“Please come back home,” a weeping Lydia Hinds, mother of 16-year-old Nicole Lezama, said yesterday as she appealed for the safe return of the teen who has been missing since Saturday.
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Hard work the only way out
Former West Indies opener and top rated coach Bryan Davis says that the only way out for the West Indies in their current predicament is hard work. Davis was commenting after the West Indies were walloped in their limited overs match against New Zealand in New Zealand on Tuesday. West Indies were beaten by 159 runs after the match was reduced to 21 overs. The relative newcomer Corey Anderson blasted the fastest ever limited overs hundred off just 36 balls. Another New Zealand batsman Jesse Ryder also hit the sixth fastest ODI century. Davis said West Indies went into the match mentally un-prepared and it showed in the results. “I hear Dwayne Bravo saying that they were caught off-guard. What is he speaking about? Were they in the hotel room and someone just announced to them that they had a match to play? “They lost the game because as West Indians like to do, they were probably in the dressing room fooling around and skylarking. They were probably thinking that the game would not have been played and when they were told that it was going to be a 21-overs match, they then had no time to mentally adjust to match play. “They fielded first probably thinking they would get a run around because they probably had no warm-up time and it worked against them.”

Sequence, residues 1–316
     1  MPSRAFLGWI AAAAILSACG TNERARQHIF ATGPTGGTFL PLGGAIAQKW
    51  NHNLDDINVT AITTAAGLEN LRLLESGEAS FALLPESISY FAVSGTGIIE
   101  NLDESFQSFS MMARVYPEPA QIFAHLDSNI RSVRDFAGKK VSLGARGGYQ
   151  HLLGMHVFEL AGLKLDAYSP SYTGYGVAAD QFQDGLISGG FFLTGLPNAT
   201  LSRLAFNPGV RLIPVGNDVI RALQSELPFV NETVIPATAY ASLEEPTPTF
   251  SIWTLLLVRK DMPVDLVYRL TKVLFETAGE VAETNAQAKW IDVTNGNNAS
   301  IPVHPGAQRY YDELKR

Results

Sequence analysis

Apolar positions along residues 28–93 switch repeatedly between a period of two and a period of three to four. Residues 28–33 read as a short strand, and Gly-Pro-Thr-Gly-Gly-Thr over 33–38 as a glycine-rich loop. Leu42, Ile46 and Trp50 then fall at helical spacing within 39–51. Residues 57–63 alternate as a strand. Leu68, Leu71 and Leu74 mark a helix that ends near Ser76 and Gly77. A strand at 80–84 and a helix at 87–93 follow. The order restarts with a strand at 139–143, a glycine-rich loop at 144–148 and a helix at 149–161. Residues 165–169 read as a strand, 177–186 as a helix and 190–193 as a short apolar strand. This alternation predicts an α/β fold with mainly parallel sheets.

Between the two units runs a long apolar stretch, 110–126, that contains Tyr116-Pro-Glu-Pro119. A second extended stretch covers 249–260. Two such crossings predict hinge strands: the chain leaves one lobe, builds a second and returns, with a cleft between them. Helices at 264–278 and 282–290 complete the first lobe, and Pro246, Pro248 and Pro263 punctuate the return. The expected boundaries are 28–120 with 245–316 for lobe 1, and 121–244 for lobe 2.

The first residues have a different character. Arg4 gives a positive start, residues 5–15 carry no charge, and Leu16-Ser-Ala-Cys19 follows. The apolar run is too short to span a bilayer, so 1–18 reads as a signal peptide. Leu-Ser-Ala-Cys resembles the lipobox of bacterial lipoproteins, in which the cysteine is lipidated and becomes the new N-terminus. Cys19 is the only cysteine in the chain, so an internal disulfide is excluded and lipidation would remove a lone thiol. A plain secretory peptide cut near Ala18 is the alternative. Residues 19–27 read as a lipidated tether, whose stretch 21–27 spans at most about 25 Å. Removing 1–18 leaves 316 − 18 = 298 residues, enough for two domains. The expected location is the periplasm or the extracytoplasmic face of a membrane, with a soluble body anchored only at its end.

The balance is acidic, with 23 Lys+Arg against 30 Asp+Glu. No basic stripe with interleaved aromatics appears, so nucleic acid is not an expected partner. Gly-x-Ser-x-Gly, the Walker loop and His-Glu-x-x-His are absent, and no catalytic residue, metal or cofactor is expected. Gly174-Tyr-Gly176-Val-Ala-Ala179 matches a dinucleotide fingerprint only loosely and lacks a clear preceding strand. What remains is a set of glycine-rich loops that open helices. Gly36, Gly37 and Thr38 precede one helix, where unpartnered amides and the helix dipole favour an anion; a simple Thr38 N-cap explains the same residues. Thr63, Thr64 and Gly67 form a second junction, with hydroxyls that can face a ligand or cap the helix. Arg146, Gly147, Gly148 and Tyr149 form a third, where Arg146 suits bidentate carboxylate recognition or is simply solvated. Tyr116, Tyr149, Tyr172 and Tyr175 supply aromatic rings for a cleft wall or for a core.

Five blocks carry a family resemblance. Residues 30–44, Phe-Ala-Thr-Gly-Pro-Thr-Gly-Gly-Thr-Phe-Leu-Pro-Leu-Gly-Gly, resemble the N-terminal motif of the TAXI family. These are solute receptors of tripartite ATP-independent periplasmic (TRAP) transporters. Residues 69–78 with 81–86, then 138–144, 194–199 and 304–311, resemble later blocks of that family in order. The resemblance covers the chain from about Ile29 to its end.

Davis, who has coached spinner Sunil Narine at Queen’s Park, said he was against the move to open the bowling with him. “You have Ravi Rampaul who is one of your better bowlers in those conditions in any format and he should have opened the bowling with Jason Holder.” Davis noted that there was only one way out of the current situation: “Hard work is the way out of the current situation. I think the problem started before the tour to India, when they went to Orlando for a camp. I was told that this was important in team building and bonding and all that nonsense. “They actually left a camp in Barbados where they were playing cricket to go to a place with no cricket and go site seeing. This is foolishness. What they should have done is to stay in Barbados and play cricket. What they could have also done is to organise with the Indians to play some zonal teams. This would have been ideal preparations for them before that two-Test series.
“So we went into the series under-prepared and were hammered inside three days in both Tests and this would have killed off the confidence in the players. The selectors, then sent the same beaten team to New Zealand to play in totally opposite conditions and expected them to do well. There was no way that team was going to win matches in New Zealand. “What is required now is for the players to go back to the nets and work for long hours. I believe in playing a lot of cricket. I am one who still thinks that practice makes perfect. When you have long practice sessions, you gain confidence, stamina, mental toughness and bonding as well. What is needed is for the coach to take these men into the nets and let them bat and bowl for long hours and also praise them a lot. This is a major confidence thing, so this is what is required.” Davis continued :”However, I don’t know who will do it because I don’t think that coach Ottis Gibson can do it. Even the president of the WICB spoke of the value of the camp in Orlando. Listen here, a straight bat back in 1930, is still a straight bat, and they still have to use the same 22 yards to bowl. So what is the big idea with all this foolishness now?”